According to Sam Smith of Bulls.com, that price is two unprotected first-round picks. It wouldn't be a surprise if it were actually more.
As for the criteria, if you're looking solely at on-court performance at this current stage, then yes, Rondo would almost certainly make a bigger impact elsewhere.
That's primarily because Rondo is a distributor and a creator, first and foremost. It's only natural that the more capable his teammates are offensively, the more Rondo's skills will have an effect on the game.
Since the Celtics are rebuilding and lacking talent across the board, Rondo's primary abilities are indeed slightly diminished. It's like giving a world-renowned cook store-brand spaghetti noodles—there's only so much he can do with it.
Here's the thing, though. Rondo's impact doesn't necessarily need to be felt on the floor quite yet. There's no rush to win a bunch of games in Boston, at least not with a great draft class on the way.
Even if Rondo was scoring 20 points and dropping 10 assists a night while displaying perfect health, it wouldn't change a whole lot in the grand scheme of things. Boston would still be on its current path.
As of right now, Rondo's value primarily exists in his ability to recruit other star players, and to eventually make those star players better than they've ever been before. In that sense, he provides potential in a way we don't usually evaluate.
The whole point of rebuilding is to accumulate assets for future use, and the Celtics already have 11 first-round picks in the next five years. Players like Jeff Green and Brandon Bass could possibly fetch even more.
Rondo definitely would as well, but sooner or later, Boston will need a player capable of making all the ingredients work together and maximizing everyone's abilities. Chances are, any point guard drafted won't be as good as Rondo is in that department, and certainly not right away.
Celtics GM Danny Ainge, of course, is likely well aware of that, and he has a ring on his finger to remind him if he ever forgets.
Perhaps there'd be more incentive to deal Rondo if he was raising a stink about wasting the prime of his career, but like the Celtics, he too is rebuilding back to peak form.
Rondo has already had to accept that being patient is the best course of action on a personal level, and so maybe he'll be able to do the same on a personnel level. There hasn't been any bumps in the road yet with head coach Brad Stevens, and all the potential fears about Rondo not wanting to be in Boston have been, for the most part, shut down. Per Gary Washburn of The Boston Globe:
Rajon Rondo said he is open to staying with the #celtics long term: "Always. I like to stick to the script. I don't like change much."— gary washburn (@GwashburnGlobe) January 24, 2014
With that in mind, you can understand why Ainge would place such a high asking price on Rondo.
Is Rondo worth two unprotected first-round picks, and possibly more?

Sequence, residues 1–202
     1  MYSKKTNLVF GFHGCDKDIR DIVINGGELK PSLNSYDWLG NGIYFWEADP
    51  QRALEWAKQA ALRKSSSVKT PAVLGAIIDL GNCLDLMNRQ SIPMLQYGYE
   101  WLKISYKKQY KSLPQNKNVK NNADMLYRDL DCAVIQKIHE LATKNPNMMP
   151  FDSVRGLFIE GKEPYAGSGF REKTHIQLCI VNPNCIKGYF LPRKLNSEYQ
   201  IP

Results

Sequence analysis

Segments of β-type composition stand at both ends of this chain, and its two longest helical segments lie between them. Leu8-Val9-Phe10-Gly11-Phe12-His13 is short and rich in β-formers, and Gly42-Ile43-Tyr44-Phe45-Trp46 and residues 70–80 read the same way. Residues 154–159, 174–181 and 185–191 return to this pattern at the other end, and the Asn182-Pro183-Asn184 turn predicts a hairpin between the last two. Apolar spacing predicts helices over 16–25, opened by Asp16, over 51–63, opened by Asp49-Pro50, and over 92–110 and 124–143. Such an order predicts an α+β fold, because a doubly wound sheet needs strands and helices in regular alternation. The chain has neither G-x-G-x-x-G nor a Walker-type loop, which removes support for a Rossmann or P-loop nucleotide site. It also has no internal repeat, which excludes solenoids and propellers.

It of course depends on the team and if Rondo would be willing to re-sign, and what players he'd be replacing.
Source said Kings and C's discussed a deal involving Isaiah Thomas, Ben McLemore and a pick for Rajon Rondo, but Rondo wasn't interested in re-signing with Sacramento and the Kings strongly value McLemore.
Whereas Ainge may view Rondo as his next Paul Pierce, the player who sticks through the bad times until there are enough assets to acquire other stars, other teams that already have star point guards (which are a lot of them) or need their point guards to be good outside shooters likely wouldn't touch Rondo for two unprotected picks.
After all, throwing Rondo into an already established system is significantly more difficult than building one around him. It's easier to account for Rondo's flaws and accentuate his strengths when you can handpick his teammates. That's not exactly unique to Rondo, but it's true nonetheless.
Ainge is likely aware of that, and perhaps that's why Rondo has never been dealt before.
A source reiterated that sentiment recently to Sean Deveney of the Sporting News:
It really is the same thing, teams call about him but the Celtics want him and he wants to be the leader of that team,” one source said. “It has always been his intention to establish himself in that role, to be part of the rebuilding and to stay in Boston for a long time. Nothing has changed.
Perhaps the biggest fear with not trading Rondo is that he'll walk in free agency during the 2015 offseason, despite his current insistence that he doesn't want to change teams.
That's certainly a possibility, but don't read too much into Boston's previous attempt to extend Rondo not working out. Here's what Danny Ainge told Boston sports radio station 98.5 the SportsHub, as transcribed by Chris Forsberg of ESPNBoston.com:
We did talk to Rondo about extending him," Ainge said Thursday during his weekly appearance on Boston sports radio 98.5 the SportsHub. "But that's all part of the negotiation that will happen again this summer and most likely the summer after."
Later Ainge added, "In the collective bargaining agreement, there are limits on what can and can't be done. Really, it's not that Rondo doesn't want to accept an extension, as much as it's just not financially smart for him to accept it right now. We didn't think he would [sign], but we did try.
That's exactly what Ainge seems to be doing now in these Rondo trade talks—trying for something that he knows is unrealistic. Recruiting another star in free agency or via trade without Rondo is going to be tough, and only a select group of players can maximize the talent of all those draft picks like Rondo can.
Ainge doesn't need fair value in a Rondo trade. He needs outrageous, impossible-to-pass-up value.
Are any teams going to provide that? Is Rondo worth an asking price that high to other teams?
The answer, like it always has been, seems to be no.
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